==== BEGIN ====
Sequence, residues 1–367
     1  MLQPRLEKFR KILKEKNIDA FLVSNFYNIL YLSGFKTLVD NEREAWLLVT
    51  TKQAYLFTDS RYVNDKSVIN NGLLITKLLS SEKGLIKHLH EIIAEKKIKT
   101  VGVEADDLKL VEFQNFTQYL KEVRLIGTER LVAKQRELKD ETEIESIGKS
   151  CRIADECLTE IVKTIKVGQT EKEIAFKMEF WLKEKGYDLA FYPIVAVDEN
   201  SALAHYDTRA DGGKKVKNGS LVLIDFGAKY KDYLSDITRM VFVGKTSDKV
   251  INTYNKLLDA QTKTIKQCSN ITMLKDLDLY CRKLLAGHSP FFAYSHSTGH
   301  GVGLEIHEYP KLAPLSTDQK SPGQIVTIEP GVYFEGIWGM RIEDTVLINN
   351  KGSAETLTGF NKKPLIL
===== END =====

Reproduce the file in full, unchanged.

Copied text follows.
Sequence, residues 1–367
     1  MLQPRLEKFR KILKEKNIDA FLVSNFYNIL YLSGFKTLVD NEREAWLLVT
    51  TKQAYLFTDS RYVNDKSVIN NGLLITKLLS SEKGLIKHLH EIIAEKKIKT
   101  VGVEADDLKL VEFQNFTQYL KEVRLIGTER LVAKQRELKD ETEIESIGKS
   151  CRIADECLTE IVKTIKVGQT EKEIAFKMEF WLKEKGYDLA FYPIVAVDEN
   201  SALAHYDTRA DGGKKVKNGS LVLIDFGAKY KDYLSDITRM VFVGKTSDKV
   251  INTYNKLLDA QTKTIKQCSN ITMLKDLDLY CRKLLAGHSP FFAYSHSTGH
   301  GVGLEIHEYP KLAPLSTDQK SPGQIVTIEP GVYFEGIWGM RIEDTVLINN
   351  KGSAETLTGF NKKPLIL